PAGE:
At a theoretical level, there are plenty of people in the music industry who like the idea of ‘artist-centric’ streaming payouts that will boost the earnings of professional artists and songwriters.

At a practical level, however, there’s a growing murmur of concern – if not outright hostility yet – at the thought of this new model being co-designed with DSPs by a single major label.

Yes, we’re talking Universal Music Group and its recently-announced partnership with Deezer. Believe criticised the plans earlier this week, and now European indies body Impala has put its own concerns on the record.

Like Believe, it approves of some aspects of the UMG/Deezer plan – the ones that match some of its own ten-step plan for reforming the streaming economy. It also likes Deezer’s promise to crack down even harder on streaming fraud. But also like Believe, it’s unsure about ‘double boosts’ for artists who have at least 1,000 monthly streams from at least 500 unique listeners.

Impala’s members are worried about “whether the proposal could lead to a possible two-tier approach impacting the work of independent labels who account for 80% of new releases (including artists patiently awaiting discovery, artists who deliberately cater to niche audiences, artists from smaller territories and newcomers just embarking on their artistic journey), as well as label decisions on which services they choose to deal with,” according to the body.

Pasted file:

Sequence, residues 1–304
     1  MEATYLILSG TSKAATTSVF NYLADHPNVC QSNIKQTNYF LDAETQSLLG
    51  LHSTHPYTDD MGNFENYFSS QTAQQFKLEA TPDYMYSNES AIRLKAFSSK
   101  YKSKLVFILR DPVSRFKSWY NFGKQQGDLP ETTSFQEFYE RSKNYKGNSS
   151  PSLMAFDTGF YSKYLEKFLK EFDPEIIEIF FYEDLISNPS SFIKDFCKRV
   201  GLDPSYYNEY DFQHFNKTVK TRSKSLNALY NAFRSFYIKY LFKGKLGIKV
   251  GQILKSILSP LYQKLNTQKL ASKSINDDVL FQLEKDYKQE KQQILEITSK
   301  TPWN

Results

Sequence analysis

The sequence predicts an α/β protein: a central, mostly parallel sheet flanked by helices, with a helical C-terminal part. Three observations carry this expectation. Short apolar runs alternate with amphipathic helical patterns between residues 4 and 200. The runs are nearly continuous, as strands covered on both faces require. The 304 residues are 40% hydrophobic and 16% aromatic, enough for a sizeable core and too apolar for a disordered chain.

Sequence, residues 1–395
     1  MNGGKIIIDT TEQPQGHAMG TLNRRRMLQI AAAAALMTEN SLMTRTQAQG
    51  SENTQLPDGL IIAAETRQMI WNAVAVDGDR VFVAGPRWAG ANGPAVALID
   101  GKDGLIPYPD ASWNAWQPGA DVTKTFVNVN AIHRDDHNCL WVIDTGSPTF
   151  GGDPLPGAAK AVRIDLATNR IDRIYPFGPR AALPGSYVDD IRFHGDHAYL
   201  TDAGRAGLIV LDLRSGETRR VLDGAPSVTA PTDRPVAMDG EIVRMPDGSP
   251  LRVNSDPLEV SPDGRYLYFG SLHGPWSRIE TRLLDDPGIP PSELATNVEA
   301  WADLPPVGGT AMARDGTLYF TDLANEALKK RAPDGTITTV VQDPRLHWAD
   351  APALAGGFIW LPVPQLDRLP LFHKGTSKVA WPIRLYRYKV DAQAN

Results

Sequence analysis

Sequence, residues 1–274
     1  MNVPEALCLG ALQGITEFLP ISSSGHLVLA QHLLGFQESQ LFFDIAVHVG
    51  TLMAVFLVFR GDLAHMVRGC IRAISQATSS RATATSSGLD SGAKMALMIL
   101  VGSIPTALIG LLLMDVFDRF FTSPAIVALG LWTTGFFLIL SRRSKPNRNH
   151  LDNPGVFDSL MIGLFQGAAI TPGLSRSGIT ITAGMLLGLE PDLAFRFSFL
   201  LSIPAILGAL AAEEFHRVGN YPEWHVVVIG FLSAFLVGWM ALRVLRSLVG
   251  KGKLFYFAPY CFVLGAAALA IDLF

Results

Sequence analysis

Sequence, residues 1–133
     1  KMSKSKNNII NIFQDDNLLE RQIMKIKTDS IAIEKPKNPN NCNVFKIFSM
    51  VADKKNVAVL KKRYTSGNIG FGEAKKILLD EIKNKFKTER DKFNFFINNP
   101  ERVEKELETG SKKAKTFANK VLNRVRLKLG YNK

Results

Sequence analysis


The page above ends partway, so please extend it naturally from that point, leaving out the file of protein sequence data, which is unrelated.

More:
“The fact that the Deezer proposal has been developed in a vacuum with the market leader instead of the sector generally is also a concern. Unless other stakeholders agree, Impala doesn’t see how it could apply outside of UMG repertoire.”

Separately, Deezer CEO Jeronimo Folgueira has been talking about how the model will work – and defending its double boosts – in an interview with Billboard.

“It was very important that this was something that was good for all artists, not just artists that were signed to a major record label,” he said.

“If an artist doesn’t get to 1,000 streams and 500 listeners a month, they cannot make a living regardless of what the payout of the model is. So you’re not technically a professional. And any up-and-coming artist that is rising up gets to those levels pretty quickly.”

Folgueira also said that while for now the artist-centric agreement is only with UMG, Deezer is talking to “all content providers”. He added that “I expect a big chunk, if not more than half, of our content will be on the new model by the time we launch this on the first of October. And our intention is to roll this out to all providers in all countries in 2024.”

The interview also included some very interesting detail on how Deezer will be calculating its artist-centric royalty pool.  Only 1,000 streams per user per month will count towards that pool.

“So if you listen to 2,000 streams, then your streams will count half. That way, you cannot have one account racking up 10,000 streams and stealing money from the pool,” said Folgueira.

“A normal human will consume anywhere between 400 and 600 tracks per month, so we’ve set the threshold at 1,000. At 1,000, more than 90% of the behaviour is captured and then only the outliers go beyond that…”

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